Nrury-lane tinfoil does to a coat of “ Ay, and I'll give you such a Milanese mail armour. This gallery treat."

is in excellent taste.” "No, no, my dear Harcourt; a fried And as he spoke, the door in front mackarel, a whiting and a few crumbs of him opened, and the pale, sorrowof bread- nothing more.

struck, and sickly figure of Glencore " If you insist, it shall be so; but I stood before him. Upton, with all his promise you I'll not be of your mess, self-command, could scarcely repress that's all. This is a glorious spot for an exclamation at the sight of one turbot-and such oysters !”

whom he had seen last in all the pride “ Oysters are forbidden me, and of youth and great personal powers; don't let me have the torture of temp- while Glencore, with the instinctive tation. What a charming place this acuteness of his morbid temperament, seems to be very wild, very rugged." as quickly saw the impression he had

“ Wild-rugged! I should think it produced, and said, with a deep sighis," muttered Harcourt.

“Ay, Horace-a sad wreck.” “ This pathway, though, does not “Not so, my dear fellow,” said the bespeak much care. I wish our friend other, taking the thin, cold hand yonder would hold his lantern a little within both his own; “as seaworthy as lower. How I envy you the kind of ever, after a little dry-docking and relife you lead here—so tranquil, so re- fitting. It is only a craft like that moved from all bores. By the way, yonder," and he pointed to Harcourt, you get the newspapers tolerably re- “that can keep the sea in all weathers, gularly ?"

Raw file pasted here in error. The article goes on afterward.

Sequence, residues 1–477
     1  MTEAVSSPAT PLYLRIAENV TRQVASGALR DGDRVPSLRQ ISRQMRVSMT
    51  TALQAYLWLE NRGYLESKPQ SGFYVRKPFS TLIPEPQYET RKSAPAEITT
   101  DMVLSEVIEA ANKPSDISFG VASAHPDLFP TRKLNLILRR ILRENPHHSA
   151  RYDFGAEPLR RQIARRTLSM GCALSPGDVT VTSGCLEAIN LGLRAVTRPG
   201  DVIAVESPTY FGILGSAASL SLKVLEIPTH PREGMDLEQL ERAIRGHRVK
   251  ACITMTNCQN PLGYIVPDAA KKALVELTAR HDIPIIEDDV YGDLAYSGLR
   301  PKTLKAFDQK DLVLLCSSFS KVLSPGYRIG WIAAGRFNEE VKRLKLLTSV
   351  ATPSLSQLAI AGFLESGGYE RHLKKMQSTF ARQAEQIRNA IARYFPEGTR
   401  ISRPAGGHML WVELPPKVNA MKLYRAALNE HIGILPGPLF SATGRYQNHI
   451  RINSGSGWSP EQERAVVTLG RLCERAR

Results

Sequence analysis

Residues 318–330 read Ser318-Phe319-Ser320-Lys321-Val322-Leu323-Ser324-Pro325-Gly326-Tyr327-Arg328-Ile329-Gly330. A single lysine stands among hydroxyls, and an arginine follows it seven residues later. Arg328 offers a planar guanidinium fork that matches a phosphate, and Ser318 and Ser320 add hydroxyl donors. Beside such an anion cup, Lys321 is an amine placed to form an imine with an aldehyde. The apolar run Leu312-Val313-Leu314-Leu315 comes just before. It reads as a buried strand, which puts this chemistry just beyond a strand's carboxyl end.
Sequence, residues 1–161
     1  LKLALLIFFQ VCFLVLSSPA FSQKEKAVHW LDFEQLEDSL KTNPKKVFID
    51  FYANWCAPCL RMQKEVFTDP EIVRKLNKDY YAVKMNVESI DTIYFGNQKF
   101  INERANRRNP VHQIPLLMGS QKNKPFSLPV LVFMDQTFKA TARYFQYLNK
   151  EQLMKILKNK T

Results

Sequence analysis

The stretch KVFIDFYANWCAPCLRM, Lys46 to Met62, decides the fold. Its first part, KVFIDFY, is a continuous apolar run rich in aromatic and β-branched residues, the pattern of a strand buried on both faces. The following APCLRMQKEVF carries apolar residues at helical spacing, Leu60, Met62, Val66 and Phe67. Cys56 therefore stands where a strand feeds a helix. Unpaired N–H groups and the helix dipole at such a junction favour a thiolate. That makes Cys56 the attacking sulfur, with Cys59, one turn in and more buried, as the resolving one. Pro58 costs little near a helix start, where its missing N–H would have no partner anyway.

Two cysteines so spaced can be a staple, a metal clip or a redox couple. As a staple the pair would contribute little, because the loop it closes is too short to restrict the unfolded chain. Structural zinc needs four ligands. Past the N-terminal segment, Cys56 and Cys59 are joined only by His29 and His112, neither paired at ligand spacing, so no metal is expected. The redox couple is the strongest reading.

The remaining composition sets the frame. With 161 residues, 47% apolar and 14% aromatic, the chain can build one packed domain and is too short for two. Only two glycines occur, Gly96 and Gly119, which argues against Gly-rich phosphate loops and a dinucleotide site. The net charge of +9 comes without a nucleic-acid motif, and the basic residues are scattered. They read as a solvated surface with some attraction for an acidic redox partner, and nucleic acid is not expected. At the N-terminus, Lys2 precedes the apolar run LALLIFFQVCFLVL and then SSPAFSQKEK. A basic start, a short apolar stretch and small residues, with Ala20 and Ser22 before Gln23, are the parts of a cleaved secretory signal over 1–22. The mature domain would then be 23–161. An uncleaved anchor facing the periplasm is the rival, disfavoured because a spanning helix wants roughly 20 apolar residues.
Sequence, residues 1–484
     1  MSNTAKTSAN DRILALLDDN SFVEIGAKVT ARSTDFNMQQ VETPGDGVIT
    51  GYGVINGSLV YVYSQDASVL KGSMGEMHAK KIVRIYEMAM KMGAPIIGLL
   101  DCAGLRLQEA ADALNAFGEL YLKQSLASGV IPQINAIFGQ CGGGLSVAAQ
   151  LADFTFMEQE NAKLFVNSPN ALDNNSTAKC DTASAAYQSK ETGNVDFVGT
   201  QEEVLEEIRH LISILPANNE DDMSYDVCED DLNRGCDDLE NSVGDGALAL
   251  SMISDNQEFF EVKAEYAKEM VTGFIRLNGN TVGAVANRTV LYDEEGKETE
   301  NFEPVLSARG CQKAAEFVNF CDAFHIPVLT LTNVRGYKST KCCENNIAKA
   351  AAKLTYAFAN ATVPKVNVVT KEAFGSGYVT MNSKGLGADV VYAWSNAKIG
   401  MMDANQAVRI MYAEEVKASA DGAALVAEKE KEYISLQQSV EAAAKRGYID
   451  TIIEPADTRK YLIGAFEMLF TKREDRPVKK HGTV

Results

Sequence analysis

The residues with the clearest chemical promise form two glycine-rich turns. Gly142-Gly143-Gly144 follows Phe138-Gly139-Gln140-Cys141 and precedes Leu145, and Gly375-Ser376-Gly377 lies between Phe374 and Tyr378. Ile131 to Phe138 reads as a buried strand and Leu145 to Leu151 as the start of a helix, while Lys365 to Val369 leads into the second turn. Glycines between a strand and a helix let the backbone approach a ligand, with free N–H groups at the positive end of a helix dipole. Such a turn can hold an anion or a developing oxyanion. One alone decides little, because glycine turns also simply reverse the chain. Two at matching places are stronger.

and never care for the carpenter. You “ Yes, every day."

and I are of another build.” « That's all right. If there be a “And you - how are you ?" asked luxury left to any man after the age of Glencore, relieved to turn attention forty, it is to be let alone. It's the

away from himself, while he drew his best thing I know of. What a terri. arm within the other's.

say so.

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“ The same poor ailing mortal you stricken fellow, like Glencore, no more always knew me,” said Upton, lan- cares for what you would think a painguidly ; " doomed to a life of uncon. ful allusion, than an old weather-beaten genial labour, condemned to climates sailor would for a breezy morning on totally unsuited to me, I drag along the Downs at Brighton. His own existence, only astonished at the trou. sorrows lie too deeply moored to be ble I take to live, knowing pretty well disturbed by the light winds that ruf. as I do what life is worth."